Photograph — The Economist

On Saturday, January 2, 2021, Zimbabwe’s government extended a nationwide curfew, banning gatherings alongside the closure of non-essential businesses for a month to curb a surge in coronavirus infections. This move is likely to hurt its already vulnerable economy. 

During a news conference, Constantino Chiwenga, the country’s Vice President who also doubles as Health Minister stated that “people must stay at home, save for buying food and medicines or transporting sick relatives.” 

According to Chiwenga, some of the tighter restrictions were effective immediately and included a 6 p.m. to 6 a.m. curfew in addition to a ban on inter-city travel. But starting Tuesday, 5 January, 2021, non-essential businesses would also be suspended. 

In July 2020, during the presentation of Zimbabwe’s mid-term budget and economic review statement in the parliament, Nthuli Ncube, the country’s Finance and Economic Development Minister, mentioned that the country’s economy is projected to shrink by 4.5 percent in 2020 against the 3 percent earlier projected due to the negative impact of the COVID-19 (coronavirus) pandemic. 

A report also shows that these figures could have been worse if the government didn’t provide a stimulus package of 18.2 billion Zimbabwe dollars (264 million U.S. dollars) to companies to cushion the harsh effects of the pandemic.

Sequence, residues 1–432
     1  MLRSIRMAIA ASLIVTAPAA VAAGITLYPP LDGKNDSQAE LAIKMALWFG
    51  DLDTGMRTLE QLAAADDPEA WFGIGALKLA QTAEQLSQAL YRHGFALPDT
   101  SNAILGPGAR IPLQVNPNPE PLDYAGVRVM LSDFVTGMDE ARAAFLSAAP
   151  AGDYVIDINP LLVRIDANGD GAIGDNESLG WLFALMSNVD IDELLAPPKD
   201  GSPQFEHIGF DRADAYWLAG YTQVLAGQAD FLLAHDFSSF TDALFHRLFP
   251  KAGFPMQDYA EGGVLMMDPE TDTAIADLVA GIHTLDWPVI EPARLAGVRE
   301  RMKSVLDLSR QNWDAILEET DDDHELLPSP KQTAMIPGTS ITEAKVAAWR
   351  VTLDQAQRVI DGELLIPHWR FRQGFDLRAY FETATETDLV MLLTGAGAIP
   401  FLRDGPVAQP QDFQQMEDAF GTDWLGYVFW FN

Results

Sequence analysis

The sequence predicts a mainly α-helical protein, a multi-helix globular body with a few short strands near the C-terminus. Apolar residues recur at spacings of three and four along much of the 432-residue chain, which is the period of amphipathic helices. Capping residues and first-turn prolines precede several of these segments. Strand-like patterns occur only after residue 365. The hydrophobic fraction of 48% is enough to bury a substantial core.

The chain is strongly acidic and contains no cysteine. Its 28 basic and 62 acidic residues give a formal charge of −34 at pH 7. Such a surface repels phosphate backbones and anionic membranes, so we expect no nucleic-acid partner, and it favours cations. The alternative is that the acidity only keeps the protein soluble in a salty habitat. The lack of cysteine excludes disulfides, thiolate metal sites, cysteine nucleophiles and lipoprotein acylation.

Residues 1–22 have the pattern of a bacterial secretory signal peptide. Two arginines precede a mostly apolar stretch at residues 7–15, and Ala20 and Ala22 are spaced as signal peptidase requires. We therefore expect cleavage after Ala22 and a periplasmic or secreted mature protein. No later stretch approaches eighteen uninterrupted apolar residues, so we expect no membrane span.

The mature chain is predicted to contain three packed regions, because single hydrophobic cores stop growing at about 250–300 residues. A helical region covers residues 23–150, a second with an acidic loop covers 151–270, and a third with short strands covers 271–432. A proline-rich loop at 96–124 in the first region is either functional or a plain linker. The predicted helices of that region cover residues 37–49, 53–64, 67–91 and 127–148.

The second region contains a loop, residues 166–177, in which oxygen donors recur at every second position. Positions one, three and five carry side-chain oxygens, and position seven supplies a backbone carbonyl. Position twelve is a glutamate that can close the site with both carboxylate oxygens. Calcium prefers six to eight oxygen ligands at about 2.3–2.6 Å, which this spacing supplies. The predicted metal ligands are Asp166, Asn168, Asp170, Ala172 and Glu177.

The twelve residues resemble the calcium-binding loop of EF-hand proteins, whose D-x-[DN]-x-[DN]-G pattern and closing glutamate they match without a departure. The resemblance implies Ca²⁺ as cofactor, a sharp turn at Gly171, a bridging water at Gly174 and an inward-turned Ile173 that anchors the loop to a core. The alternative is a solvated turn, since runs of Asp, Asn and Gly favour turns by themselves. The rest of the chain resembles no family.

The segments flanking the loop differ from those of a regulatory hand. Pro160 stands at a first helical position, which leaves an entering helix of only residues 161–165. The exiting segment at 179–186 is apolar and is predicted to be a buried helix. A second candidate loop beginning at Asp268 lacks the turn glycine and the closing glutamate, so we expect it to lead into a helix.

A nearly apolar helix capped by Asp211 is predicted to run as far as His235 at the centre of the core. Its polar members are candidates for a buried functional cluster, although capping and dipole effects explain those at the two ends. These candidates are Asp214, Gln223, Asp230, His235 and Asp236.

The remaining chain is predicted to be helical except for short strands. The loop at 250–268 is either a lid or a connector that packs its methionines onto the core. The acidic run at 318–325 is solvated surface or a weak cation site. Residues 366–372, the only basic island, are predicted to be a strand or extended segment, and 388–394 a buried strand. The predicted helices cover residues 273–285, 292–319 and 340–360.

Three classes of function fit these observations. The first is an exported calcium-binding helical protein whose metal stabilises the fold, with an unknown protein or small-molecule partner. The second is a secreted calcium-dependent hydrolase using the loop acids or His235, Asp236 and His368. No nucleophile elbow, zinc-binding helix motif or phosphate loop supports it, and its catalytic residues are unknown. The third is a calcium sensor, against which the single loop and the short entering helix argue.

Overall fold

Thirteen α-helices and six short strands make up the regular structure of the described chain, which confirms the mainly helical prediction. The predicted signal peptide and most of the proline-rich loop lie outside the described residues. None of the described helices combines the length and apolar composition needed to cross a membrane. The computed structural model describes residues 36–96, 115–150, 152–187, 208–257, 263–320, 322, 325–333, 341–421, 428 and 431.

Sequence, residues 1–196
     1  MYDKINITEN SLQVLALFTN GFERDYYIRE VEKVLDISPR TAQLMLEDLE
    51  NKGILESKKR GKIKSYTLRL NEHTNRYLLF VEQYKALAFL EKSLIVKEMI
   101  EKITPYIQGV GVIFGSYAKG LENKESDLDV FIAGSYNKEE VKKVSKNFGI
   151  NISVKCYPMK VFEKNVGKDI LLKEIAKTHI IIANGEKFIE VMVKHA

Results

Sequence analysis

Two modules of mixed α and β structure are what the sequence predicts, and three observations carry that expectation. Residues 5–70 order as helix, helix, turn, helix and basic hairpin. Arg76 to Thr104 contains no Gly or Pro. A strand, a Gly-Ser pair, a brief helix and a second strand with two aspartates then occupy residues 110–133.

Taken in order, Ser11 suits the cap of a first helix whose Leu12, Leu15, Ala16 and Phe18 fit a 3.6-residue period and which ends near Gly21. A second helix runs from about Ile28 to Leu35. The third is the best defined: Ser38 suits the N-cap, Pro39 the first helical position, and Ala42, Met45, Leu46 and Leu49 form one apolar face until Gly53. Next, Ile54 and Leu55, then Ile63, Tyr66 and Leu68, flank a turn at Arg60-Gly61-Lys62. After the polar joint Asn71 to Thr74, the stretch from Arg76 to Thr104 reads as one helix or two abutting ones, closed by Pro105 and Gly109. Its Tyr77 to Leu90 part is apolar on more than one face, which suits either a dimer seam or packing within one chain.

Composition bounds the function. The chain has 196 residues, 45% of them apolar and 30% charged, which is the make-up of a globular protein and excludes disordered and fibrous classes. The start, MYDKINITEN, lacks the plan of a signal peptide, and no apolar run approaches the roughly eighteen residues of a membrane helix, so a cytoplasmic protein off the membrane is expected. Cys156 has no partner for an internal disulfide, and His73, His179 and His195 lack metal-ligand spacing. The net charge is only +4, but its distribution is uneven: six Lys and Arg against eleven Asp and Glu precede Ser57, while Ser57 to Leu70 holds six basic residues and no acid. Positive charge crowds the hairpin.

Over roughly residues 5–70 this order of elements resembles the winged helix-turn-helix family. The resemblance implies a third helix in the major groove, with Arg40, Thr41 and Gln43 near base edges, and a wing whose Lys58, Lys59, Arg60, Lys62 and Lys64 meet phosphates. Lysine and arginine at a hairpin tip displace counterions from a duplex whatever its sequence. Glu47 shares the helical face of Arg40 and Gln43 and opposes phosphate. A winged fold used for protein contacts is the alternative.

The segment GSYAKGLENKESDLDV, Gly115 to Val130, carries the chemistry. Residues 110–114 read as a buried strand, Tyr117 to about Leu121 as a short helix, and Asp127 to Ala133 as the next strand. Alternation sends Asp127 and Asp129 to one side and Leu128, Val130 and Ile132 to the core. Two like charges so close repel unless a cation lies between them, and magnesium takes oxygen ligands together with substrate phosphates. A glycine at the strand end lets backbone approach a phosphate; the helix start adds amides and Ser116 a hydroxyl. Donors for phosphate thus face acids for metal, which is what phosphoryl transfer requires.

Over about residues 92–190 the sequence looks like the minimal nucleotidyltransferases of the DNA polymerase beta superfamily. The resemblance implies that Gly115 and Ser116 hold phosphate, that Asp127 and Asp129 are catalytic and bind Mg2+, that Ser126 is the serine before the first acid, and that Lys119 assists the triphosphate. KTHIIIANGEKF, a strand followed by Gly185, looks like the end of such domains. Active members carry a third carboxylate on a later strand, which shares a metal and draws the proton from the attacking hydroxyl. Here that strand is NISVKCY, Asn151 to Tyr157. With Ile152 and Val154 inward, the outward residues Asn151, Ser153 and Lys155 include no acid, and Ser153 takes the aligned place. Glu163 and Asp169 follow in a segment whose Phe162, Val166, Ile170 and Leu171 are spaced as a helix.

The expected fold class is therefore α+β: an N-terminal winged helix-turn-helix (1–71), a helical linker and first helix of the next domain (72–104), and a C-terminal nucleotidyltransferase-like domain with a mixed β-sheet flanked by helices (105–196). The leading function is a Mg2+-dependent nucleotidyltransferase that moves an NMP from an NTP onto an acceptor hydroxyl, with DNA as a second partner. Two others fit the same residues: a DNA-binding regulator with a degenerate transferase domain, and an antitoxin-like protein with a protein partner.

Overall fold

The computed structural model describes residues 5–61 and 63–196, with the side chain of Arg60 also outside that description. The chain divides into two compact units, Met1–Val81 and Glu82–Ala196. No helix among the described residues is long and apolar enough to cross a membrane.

The pandemic came against the backdrop of multiple economic setbacks that were necessitated by an economic sanction and unfavorable climate conditions such as drought and a cyclone which created food insecurity, lowered energy supply and caused the country’s GDP to contract. Meanwhile, the agricultural sector remains the largest single source of export earnings, contributing about 40-45 percent of total exports in most years. 

Although borders have been shut down to interstate travels, air travels would still be allowed, with arrivals and returning residents being required to present negative COVID-19 certificates. This is bound to pose a great challenge for the landlocked country since nearly all trading activities with neighboring Zambia, Botswana, Mozambique and South Africa are carried out by road.

According to experts, the new restrictions will further affect Zimbabwe’s economy, creating a drop in economic activities, exports and travels. It would also invariably translate to a drop in cash circulation and lower foreign earnings.

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